Though my life circumstances have changed somewhat since I began the self-styled life, the driving questions are still big in my mind–challenging the value of the “American Dream” model for my generation. In fact, becoming a parent has only solidified my belief that this model isn’t working for a lot of us. So many young parents I know are facing what feels like a lose-lose decision between raising their kids themselves or building a career. Many of my peers are making huge moves, away from their families and friends, just to be able to afford a home. Many of us are pushing against the consumerist forces that send us into debt and fill our life with meaningless junk.
Because I know that I’m not the only one feeling frustrated by trying to work within the “system,” I continue to share my perspectives on this topic, and ideas for building a new model.
Of course, this exercise is for me as much as for anyone who’s reading. I’m not wholly awkward in person, but I get my thoughts out with a lot more depth and clarity when I’m writing them down (unless there’s a toddler begging for cat videos as I’m trying to “work”).
How does your creative process work?
I spend a lot of time thinking. In bed, during walks, while my kid is napping. I try to listen to the radio and read other blogs and good writing to find inspiration. I try to pay attention to what’s around me and how it makes me feel.
Usually, a post begins as one idea, and if I’m lucky, I’ll peck it into the permanent “blog” note on my iPhone before I forget it:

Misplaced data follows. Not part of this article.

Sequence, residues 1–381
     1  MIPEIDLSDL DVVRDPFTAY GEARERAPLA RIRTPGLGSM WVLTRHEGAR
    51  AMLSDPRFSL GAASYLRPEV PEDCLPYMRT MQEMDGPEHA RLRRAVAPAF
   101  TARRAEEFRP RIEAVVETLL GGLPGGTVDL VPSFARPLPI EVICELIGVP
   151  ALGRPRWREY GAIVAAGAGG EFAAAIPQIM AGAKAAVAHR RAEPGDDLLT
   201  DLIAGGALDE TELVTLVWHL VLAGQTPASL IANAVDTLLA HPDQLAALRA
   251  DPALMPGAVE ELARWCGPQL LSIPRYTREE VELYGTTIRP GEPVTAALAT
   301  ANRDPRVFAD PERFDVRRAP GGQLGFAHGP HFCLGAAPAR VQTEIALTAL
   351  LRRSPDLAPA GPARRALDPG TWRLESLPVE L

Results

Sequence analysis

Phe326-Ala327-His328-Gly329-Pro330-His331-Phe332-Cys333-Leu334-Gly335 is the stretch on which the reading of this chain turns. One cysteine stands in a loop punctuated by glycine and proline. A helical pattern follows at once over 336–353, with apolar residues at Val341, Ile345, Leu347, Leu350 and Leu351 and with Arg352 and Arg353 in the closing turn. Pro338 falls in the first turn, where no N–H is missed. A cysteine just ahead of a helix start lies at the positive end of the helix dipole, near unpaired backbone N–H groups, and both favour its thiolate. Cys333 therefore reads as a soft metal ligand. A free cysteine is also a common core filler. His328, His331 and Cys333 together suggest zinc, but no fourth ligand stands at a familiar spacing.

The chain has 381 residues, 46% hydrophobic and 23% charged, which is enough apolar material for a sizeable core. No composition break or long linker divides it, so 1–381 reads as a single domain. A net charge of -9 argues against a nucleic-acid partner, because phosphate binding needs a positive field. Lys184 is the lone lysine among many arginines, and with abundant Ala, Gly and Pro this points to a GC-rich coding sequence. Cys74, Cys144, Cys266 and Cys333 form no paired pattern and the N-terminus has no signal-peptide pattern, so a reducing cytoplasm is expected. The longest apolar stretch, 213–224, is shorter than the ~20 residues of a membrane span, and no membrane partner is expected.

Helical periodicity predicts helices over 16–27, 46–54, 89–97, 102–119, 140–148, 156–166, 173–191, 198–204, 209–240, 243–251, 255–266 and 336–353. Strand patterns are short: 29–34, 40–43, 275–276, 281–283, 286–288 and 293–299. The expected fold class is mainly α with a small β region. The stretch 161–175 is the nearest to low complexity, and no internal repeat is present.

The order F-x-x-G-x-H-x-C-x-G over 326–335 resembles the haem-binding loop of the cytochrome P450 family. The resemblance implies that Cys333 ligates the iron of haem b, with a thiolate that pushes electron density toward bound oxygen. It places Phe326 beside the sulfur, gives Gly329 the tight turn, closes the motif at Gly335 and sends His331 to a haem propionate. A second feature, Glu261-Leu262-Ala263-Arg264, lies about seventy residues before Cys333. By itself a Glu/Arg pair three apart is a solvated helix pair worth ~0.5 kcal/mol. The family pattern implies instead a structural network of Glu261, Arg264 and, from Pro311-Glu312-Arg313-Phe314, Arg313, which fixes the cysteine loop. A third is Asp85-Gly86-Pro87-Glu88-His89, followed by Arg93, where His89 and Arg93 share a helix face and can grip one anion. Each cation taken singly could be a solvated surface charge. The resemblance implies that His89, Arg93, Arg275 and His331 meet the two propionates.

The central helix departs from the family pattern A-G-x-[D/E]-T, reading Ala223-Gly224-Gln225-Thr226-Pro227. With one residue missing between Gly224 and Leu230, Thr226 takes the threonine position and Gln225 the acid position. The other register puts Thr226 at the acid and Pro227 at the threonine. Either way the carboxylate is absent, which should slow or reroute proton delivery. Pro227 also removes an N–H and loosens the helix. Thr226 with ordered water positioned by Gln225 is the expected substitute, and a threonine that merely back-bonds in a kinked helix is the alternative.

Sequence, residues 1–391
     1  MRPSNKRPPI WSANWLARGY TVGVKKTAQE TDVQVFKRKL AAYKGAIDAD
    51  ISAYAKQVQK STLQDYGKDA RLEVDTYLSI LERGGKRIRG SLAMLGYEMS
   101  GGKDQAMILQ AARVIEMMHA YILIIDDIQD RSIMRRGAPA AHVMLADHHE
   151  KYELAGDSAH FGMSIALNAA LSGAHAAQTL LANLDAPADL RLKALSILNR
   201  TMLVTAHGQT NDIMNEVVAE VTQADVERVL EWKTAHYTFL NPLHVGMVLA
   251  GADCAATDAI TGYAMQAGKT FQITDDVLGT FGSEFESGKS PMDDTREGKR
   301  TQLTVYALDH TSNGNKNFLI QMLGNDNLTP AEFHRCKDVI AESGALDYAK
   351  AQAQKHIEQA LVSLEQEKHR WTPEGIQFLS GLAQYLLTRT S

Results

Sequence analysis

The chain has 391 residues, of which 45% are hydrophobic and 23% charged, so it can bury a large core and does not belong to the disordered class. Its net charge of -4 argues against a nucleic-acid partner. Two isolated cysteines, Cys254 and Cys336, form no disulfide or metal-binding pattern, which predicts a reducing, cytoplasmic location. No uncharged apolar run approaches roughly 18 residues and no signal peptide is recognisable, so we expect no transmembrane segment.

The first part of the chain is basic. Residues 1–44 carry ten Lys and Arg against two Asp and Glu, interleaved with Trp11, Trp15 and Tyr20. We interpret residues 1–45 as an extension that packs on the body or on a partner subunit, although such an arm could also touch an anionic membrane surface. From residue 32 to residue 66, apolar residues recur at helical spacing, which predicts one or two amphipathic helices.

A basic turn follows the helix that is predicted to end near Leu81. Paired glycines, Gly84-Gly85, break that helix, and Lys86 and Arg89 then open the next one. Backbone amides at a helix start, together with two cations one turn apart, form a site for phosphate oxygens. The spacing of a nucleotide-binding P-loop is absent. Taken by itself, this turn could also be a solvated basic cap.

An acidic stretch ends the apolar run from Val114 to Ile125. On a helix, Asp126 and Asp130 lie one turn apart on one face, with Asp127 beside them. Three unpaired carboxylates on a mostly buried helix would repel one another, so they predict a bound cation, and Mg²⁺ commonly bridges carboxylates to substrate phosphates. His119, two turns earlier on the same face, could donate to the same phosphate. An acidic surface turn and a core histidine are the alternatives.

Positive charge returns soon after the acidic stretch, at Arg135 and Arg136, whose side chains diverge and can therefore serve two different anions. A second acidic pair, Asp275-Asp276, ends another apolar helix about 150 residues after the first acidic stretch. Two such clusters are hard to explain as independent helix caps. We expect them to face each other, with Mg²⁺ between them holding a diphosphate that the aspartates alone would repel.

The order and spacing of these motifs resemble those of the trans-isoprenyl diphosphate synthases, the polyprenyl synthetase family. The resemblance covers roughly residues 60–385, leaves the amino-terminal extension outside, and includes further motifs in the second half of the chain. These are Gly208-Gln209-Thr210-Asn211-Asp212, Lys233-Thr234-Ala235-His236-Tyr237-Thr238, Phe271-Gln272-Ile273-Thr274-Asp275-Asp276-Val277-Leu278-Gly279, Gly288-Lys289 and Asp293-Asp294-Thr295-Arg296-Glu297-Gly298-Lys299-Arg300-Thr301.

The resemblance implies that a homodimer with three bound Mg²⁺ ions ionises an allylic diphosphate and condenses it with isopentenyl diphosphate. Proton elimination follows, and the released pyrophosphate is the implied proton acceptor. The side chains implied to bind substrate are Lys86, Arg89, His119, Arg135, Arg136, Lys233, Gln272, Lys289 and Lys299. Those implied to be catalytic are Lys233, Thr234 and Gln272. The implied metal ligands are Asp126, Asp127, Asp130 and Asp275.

From there, sometimes a fledgling draft will emerge and kick around for months before I complete it, if ever. But other times, if I’ve ruminated on the thought long enough and I feel clear on what I want it to say, the writing happens quickly. And then I edit, edit, edit. Even if I write the draft and publish it in one night, it will still go through about 10 micro-edits. Rereading, moving sentences and paragraphs around, deleting waste, polishing verbs. Then I’ll add in the gravy bits–pictures, videos, the bolded text, links. And then I’ll preview and edit it again, a few more times. The final version is usually VERY different from the first draft, which is often total rubbish, of course.
I hope you’ve enjoyed peering into my lit window. As this post has gotten very long, I will share my nominees in a Part 2 later this week!
Am I the only weirdo who likes looking into other people’s houses at night? Please tell me I’m not…